Date: Thu Feb 28 18:32:21 2008 Back to Contents

Author: Richard Heckathorn

Subject: Re: Greece Tour n 'Lab?'

Post:
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Greetings



1. Have students determine the acceleration of
the plane as it takes off.

2. Determine how far it travels as it goes from
zero speed to leaving the ground.

3. Use parallax to determine the distance from
where they are standing to some point in the
distance.

4. Give them a small diffraction grating and have
them examine the colors of lights.

5. Have them take a photo. Then have them write a
paragraph of the physics in the picture.



Dick





Helping teachers who facilitate, motivating
students who learn.

Dick Heckathorn 14665 Pawnee Trail Middleburg
Hts, OH 44130 440-826-0834

http://web.cvcaroyals.org/~rheckathorn/

Adjunct Physics Teacher - Baldwin Wallace College

Physics is learning how to communicate with ones
environment so that it will talk back.



-----Original Message-----
From: tap-l-owner@lists.ncsu.edu
[mailto:tap-l-owner@lists.ncsu.edu] On Behalf Of
Eric Chester
Sent: Thursday, February 28, 2008 5:57 PM
To: tap-l@lists.ncsu.edu
Subject: [tap-l] Greece Tour n 'Lab?'



I'm tapping the wisdom of the sages here.



While I am not going, all my Physics students are
going on an international school trip to Greece.
This trip is primarily focused on history (Greek
history, Christian church history, etc).



I would like to be the rotten teacher and have my
students perform a lab over there (most likely it
would be observation focused due to limited
resources). For example, how do newtons laws
apply to a specific arch or column? Or estimate
the amount of force needed to place the stone on
top of the column as well as "how" you would
accomplish this.



While these seem (well) ok, they feel more like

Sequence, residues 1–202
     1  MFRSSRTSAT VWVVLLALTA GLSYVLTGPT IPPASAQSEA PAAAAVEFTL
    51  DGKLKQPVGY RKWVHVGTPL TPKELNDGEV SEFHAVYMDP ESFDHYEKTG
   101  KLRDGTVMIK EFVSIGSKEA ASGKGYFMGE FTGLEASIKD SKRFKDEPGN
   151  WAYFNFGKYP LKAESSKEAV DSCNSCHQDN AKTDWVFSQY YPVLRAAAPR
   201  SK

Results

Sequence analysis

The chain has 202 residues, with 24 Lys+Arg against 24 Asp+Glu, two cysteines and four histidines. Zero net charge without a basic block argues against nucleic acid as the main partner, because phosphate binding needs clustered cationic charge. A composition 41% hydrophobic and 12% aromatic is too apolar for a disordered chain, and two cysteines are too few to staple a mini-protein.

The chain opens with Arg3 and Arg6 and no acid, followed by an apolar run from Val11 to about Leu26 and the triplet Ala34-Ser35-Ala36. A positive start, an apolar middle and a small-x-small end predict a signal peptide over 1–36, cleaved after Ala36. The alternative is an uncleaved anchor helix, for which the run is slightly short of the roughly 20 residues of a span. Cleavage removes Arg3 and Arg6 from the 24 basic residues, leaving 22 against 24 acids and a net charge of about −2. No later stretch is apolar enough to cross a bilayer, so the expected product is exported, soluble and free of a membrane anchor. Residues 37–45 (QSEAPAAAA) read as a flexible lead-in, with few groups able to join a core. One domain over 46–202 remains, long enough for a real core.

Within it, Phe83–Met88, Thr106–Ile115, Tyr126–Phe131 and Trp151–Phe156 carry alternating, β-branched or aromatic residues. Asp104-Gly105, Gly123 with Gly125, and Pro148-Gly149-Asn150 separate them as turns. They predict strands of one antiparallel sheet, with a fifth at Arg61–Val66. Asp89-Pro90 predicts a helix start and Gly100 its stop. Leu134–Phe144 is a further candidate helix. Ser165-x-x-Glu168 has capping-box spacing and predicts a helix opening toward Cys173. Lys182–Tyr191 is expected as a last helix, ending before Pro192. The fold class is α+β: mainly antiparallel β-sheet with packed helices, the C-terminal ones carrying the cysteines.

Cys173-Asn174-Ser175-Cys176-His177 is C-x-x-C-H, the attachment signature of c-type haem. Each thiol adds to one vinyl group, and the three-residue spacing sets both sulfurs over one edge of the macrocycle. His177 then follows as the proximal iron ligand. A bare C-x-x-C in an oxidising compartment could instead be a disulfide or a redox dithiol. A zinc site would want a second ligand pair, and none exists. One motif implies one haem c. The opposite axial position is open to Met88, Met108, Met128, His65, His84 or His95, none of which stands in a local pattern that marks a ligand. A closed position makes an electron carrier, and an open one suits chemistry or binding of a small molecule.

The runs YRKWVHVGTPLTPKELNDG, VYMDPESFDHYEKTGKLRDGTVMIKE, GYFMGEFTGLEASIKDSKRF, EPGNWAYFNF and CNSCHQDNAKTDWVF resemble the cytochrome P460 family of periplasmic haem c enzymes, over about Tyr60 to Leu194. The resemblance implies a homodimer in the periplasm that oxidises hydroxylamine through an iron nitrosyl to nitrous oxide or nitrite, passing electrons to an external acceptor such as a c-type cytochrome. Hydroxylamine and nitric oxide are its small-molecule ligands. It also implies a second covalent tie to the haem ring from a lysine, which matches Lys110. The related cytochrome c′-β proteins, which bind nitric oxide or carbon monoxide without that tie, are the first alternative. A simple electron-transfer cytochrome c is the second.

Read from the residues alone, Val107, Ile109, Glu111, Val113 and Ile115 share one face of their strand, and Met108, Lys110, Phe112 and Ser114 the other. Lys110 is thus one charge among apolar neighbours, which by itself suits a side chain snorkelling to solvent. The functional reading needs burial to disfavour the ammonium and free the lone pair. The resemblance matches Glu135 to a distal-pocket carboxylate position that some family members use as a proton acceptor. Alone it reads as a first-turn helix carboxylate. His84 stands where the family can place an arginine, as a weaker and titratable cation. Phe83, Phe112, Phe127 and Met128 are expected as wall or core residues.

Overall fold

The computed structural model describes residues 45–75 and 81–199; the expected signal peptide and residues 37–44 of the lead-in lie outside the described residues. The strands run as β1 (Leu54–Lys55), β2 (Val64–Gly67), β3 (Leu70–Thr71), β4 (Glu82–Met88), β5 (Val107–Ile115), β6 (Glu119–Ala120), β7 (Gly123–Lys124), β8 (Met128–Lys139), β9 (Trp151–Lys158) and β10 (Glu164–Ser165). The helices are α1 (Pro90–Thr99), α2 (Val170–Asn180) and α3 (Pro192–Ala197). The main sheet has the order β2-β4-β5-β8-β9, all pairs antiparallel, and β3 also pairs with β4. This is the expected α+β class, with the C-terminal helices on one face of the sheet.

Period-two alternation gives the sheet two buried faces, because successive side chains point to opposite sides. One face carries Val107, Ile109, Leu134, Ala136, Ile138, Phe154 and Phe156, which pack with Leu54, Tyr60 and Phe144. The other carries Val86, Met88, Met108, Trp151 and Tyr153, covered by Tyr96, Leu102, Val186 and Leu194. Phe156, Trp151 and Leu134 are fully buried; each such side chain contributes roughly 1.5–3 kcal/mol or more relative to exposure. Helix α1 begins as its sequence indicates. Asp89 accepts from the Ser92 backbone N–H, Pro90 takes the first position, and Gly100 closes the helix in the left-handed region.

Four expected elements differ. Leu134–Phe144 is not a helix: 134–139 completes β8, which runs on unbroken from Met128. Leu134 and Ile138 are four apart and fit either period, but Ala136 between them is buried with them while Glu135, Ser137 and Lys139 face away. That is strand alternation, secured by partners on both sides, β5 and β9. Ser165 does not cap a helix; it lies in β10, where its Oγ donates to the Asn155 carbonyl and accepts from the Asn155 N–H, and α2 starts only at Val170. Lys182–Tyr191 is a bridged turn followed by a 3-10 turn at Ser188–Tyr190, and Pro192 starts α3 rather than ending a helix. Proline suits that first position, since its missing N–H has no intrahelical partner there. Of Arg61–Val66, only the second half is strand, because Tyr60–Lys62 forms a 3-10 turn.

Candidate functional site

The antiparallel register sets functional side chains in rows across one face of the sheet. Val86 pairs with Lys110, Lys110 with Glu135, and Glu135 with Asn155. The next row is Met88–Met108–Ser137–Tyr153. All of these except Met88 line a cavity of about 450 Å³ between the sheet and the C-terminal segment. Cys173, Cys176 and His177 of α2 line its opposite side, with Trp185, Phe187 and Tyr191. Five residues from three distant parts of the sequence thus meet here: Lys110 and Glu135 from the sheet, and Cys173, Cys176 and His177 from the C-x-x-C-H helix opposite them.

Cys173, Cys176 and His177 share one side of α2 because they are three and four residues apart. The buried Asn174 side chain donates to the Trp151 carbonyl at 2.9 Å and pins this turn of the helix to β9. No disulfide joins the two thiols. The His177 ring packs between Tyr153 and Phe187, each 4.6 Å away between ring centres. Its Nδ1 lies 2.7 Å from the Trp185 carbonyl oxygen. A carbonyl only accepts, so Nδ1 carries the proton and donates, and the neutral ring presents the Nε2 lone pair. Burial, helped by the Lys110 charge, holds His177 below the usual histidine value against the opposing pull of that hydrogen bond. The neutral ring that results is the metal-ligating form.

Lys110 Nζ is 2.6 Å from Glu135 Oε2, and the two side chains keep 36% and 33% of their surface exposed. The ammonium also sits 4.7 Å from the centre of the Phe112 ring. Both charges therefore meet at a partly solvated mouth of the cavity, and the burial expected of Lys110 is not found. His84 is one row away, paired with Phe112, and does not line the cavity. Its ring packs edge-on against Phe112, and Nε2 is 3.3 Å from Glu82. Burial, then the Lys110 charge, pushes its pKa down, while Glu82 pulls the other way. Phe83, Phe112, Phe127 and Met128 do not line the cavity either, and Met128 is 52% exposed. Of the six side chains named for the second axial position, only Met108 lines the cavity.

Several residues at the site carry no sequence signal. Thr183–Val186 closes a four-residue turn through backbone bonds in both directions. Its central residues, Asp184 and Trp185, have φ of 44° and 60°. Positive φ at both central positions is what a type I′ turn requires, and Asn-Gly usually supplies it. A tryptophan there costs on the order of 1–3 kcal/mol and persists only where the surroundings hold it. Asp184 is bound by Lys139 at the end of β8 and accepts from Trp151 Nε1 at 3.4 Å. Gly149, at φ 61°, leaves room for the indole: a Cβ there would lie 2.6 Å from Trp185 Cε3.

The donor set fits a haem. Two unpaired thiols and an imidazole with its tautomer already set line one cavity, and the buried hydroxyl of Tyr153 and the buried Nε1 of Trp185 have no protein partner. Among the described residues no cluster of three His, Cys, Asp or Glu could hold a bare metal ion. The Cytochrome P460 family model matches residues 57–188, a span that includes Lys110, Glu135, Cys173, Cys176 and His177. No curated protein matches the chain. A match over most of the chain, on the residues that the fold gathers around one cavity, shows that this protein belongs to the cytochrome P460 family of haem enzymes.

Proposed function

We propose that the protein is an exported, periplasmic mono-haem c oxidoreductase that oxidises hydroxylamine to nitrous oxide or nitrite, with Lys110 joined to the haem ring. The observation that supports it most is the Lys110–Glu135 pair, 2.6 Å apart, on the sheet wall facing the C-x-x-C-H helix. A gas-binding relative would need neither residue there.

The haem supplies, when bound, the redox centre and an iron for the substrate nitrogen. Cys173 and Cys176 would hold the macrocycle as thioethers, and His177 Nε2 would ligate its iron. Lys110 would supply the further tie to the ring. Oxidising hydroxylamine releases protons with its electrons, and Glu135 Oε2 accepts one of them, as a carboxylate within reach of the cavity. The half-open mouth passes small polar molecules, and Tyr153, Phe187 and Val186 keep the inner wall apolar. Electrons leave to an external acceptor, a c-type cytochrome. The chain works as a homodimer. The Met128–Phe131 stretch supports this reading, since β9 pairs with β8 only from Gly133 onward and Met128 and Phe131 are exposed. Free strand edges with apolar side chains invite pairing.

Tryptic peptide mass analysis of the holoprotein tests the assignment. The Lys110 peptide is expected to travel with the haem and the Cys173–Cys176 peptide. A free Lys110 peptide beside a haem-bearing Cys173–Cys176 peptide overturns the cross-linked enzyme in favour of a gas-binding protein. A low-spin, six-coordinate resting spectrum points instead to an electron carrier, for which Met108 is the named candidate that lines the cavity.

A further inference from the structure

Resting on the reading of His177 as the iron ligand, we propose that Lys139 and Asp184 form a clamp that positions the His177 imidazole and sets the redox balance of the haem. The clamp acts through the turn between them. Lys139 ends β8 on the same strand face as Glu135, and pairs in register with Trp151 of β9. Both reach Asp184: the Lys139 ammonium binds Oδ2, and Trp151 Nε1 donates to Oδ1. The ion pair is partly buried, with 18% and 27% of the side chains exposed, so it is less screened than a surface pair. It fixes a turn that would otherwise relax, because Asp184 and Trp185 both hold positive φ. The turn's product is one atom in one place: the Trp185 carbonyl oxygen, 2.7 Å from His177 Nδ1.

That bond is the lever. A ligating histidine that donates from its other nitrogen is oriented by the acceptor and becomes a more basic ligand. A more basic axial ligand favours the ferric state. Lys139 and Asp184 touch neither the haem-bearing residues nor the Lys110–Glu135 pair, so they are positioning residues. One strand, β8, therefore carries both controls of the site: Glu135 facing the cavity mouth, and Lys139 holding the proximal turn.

busy work than something the students will think
is fun and exciting.



Any thoughts?



Thanks in advance

Eric








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Greetings



1. Have students determine =
the
acceleration of the plane as it takes off.

2. Determine how far it travels as =
it goes
from zero speed to leaving the ground.

3. Use parallax to determine the =
distance
from where they are standing to some point in the =
distance.

4. Give them a small diffraction =
grating
and have them examine the colors of lights.

5. Have them take a photo. Then =
have them
write a paragraph of the physics in the picture.



Dick







Helping teachers who facilitate, motivating students =
who
learn.

Dick
Heckathorn 14665 Pawnee Trail Middleburg Hts, OH =
44130 440-826-0834

http://web.cvcaroyals.org/~rheckathorn/ =


Adjunct
Physics Teacher - Baldwin Wallace College

Physics
is learning how to communicate with ones environment so that it will =
talk back.





-----Original =
Message-----
From: =
tap-l-owner@lists.ncsu.edu
[mailto:tap-l-owner@lists.ncsu.edu] On Behalf
Of Eric Chester
Sent: Thursday, February =
28, 2008
5:57 PM
To: =
tap-l@lists.ncsu.edu
Subject: [tap-l] Greece =
Tour n
'Lab?'





I'm tapping the wisdom of the sages =
here.











While I am not going, all my Physics students =
are
going on an international school trip to Greece. This trip is =
primarily
focused on history (Greek history, Christian church history, =
etc).











I would like to be the rotten teacher and =
have my
students perform a lab over there (most likely it would be observation =
focused
due to limited resources). For example, how do newtons laws apply =
to a
specific arch or column? Or estimate the amount of force =
needed to
place the stone on top of the column as well as "how" you =
would
accomplish this.











While these seem (well) ok, they feel more =
like busy
work than something the students will think is fun and =
exciting.











Any thoughts?











Thanks in advance





Eric



























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From tap-l-owner@lists.ncsu.edu Thu Feb 28 18:32:21 2008

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